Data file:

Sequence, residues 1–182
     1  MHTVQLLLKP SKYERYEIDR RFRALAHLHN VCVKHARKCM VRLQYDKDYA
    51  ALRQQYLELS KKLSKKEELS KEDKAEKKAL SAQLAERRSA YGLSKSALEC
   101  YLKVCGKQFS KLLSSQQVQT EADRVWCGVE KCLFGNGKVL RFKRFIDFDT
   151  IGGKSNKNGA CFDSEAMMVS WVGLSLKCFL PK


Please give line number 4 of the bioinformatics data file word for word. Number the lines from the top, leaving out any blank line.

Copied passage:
   101  YLKVCGKQFS KLLSSQQVQT EADRVWCGVE KCLFGNGKVL RFKRFIDFDT